Section 3982 of the Estates and Protected Individuals Code provides a simplified procedure for distributing small estates if the balance of the gross estate after the payment of decedent's funeral and burial expense consists of property of $15,000 or less. The $15,000 is figured by adding all assets of the decedent less any liens against any asset. Ordinary debts of the decedent are not subtracted in making the calculation. Therefore, the $15,000 is a gross estate value. For example, an estate with a single assets consisting of real estate worth $30,000 with a mortgage of $16,000 would qualify while an estate with $15,500 of assets and bills of $2,000 owed by the decedent would not. The $15,000 amount will be adjusted annually for inflation beginning January 1, 2001.
Upon a showing of evidence, satisfactory to the court, of payment of the expenses for the decedent's funeral and burial, the court may order that the property be turned over to the surviving spouse or, if there is not a spouse, to the decedent's heirs.
Upon a showing of evidence, satisfactory to the court, that the decedent's funeral or burial expenses are unpaid or were paid by a person other than the estate, the court shall order that the property be first used to pay the unpaid funeral and burial expenses, or to reimburse the person that paid those expenses, and may order that the balance be turned over to the surviving spouse or, if there is not a spouse, to the decedent's heirs.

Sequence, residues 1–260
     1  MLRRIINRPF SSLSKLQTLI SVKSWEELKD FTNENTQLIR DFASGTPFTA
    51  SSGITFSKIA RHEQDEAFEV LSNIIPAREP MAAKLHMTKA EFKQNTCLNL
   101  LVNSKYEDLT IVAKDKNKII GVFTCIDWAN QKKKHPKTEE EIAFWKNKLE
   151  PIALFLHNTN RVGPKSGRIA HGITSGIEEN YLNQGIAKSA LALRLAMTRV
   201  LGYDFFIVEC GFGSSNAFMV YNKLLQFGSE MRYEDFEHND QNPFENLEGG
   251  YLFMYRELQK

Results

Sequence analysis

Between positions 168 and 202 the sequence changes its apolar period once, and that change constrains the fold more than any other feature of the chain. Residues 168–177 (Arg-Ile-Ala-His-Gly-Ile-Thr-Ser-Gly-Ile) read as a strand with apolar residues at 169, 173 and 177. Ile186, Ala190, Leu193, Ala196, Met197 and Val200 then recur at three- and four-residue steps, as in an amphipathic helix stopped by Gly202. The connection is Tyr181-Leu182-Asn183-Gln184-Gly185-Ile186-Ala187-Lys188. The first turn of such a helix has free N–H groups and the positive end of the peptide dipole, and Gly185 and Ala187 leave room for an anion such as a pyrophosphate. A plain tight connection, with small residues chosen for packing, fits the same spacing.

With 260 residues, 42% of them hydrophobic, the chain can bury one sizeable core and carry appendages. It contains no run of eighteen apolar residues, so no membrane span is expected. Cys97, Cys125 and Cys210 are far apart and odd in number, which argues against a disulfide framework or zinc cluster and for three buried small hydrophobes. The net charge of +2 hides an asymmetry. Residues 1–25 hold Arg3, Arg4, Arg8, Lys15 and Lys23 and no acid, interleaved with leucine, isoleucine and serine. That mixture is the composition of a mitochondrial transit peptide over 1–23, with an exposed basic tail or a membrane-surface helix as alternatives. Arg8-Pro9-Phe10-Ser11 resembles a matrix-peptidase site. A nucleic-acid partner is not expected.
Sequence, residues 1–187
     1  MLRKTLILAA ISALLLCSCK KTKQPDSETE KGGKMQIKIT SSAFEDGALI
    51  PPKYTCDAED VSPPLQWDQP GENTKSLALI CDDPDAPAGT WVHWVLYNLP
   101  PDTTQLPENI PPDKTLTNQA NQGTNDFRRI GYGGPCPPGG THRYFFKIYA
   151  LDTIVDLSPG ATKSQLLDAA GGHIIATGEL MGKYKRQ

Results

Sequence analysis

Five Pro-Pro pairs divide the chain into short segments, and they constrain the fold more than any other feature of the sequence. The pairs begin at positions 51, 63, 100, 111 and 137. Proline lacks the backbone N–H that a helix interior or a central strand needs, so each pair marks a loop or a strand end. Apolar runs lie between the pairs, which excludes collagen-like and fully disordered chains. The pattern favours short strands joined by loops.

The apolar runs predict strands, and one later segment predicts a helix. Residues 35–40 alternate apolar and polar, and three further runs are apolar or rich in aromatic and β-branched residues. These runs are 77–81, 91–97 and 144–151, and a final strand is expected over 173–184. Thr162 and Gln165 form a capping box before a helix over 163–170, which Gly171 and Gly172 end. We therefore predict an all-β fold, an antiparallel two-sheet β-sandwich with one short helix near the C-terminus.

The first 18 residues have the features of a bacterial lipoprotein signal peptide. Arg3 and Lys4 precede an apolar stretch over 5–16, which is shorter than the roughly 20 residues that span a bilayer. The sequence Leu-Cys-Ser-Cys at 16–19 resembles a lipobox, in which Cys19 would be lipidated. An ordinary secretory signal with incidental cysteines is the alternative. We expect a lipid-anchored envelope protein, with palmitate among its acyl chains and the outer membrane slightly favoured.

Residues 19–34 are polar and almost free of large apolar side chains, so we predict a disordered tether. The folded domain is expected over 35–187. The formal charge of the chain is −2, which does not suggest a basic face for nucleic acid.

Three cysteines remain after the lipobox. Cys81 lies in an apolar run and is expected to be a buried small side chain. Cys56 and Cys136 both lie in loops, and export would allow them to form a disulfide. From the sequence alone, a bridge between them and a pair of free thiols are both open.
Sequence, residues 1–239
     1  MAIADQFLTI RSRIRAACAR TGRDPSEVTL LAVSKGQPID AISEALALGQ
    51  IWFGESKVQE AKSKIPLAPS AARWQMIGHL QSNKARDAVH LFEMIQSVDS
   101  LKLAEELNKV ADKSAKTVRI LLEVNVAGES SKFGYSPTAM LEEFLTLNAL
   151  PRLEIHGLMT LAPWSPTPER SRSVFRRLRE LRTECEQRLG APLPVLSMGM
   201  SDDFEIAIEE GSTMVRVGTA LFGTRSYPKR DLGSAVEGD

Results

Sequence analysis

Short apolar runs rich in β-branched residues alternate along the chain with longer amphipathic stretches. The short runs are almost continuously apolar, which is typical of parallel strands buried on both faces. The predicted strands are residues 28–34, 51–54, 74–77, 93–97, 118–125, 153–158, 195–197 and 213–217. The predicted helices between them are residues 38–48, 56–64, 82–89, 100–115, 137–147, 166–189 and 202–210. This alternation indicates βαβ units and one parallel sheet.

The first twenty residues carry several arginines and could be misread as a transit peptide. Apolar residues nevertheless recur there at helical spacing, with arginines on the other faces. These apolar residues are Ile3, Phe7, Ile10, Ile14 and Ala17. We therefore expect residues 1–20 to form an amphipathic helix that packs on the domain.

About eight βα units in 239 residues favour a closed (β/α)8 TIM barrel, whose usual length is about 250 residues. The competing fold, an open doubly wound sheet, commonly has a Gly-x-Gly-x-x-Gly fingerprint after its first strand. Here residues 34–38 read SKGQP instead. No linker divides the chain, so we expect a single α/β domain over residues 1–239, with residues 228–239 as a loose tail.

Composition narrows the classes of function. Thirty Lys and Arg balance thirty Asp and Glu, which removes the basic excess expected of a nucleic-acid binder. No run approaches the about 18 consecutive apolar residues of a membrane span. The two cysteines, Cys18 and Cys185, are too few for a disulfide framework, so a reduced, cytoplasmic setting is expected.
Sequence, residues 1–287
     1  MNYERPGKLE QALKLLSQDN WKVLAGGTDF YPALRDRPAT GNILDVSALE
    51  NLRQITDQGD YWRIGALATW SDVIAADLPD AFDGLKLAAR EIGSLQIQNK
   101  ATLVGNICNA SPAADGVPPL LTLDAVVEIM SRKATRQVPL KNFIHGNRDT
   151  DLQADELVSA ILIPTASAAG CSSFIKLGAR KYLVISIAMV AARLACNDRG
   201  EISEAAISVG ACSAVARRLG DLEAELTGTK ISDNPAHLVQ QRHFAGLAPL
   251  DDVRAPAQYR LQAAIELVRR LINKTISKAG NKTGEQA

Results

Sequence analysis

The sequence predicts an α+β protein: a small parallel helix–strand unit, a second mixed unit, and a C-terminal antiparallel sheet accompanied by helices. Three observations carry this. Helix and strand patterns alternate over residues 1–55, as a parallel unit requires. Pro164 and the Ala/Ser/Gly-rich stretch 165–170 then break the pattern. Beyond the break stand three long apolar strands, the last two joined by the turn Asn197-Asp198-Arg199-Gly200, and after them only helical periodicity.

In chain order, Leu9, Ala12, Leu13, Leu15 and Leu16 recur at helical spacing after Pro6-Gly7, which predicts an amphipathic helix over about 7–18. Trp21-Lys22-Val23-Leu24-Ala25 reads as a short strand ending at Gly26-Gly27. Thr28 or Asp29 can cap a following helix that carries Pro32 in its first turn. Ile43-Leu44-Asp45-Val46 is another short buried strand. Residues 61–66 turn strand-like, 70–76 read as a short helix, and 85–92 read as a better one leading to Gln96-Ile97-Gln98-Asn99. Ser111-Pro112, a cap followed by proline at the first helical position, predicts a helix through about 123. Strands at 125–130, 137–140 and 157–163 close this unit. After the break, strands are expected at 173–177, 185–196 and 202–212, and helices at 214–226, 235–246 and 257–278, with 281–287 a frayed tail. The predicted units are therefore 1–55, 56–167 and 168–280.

Other than a surviving spouse who qualifies for allowances under this act or minor children of the decedent, an heir who receives property through an order under this section is responsible, for 60 days from the date of the order, for any unsatisfied debt of the decedent up to the value of the property received through the order.
This procedure begins with the filing of a form titled Petition and Order for Assignment (PC 556). The filing fee is $25 plus inventory fees. A receipt showing the status of the funeral bill must be attached to the Petition. This whole procedure can usually be completed as soon as the papers are filed with the probate court.
MCL 700.3983 of the Estates and Protected Individuals Code contains a very similar provision that may be used to distribute estates of this size when no real property is involved. That provision is discussed in the prior probate note entitled Exceptions to Probate.